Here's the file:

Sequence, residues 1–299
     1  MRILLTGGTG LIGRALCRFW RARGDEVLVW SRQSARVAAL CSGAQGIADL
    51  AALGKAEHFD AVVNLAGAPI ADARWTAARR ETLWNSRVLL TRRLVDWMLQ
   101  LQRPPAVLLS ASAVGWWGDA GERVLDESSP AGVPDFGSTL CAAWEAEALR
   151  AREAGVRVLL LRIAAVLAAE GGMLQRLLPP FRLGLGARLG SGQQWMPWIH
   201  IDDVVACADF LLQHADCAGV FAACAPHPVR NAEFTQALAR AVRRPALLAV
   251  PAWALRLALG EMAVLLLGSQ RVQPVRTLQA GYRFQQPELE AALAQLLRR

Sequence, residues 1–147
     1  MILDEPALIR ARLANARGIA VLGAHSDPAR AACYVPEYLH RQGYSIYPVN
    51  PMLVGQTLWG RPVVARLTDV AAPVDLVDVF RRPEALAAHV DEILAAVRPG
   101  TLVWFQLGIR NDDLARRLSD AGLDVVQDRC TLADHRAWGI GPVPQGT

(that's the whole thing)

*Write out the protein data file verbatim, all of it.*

Sequence, residues 1–299
     1  MRILLTGGTG LIGRALCRFW RARGDEVLVW SRQSARVAAL CSGAQGIADL
    51  AALGKAEHFD AVVNLAGAPI ADARWTAARR ETLWNSRVLL TRRLVDWMLQ
   101  LQRPPAVLLS ASAVGWWGDA GERVLDESSP AGVPDFGSTL CAAWEAEALR
   151  AREAGVRVLL LRIAAVLAAE GGMLQRLLPP FRLGLGARLG SGQQWMPWIH
   201  IDDVVACADF LLQHADCAGV FAACAPHPVR NAEFTQALAR AVRRPALLAV
   251  PAWALRLALG EMAVLLLGSQ RVQPVRTLQA GYRFQQPELE AALAQLLRR

Sequence, residues 1–147
     1  MILDEPALIR ARLANARGIA VLGAHSDPAR AACYVPEYLH RQGYSIYPVN
    51  PMLVGQTLWG RPVVARLTDV AAPVDLVDVF RRPEALAAHV DEILAAVRPG
   101  TLVWFQLGIR NDDLARRLSD AGLDVVQDRC TLADHRAWGI GPVPQGT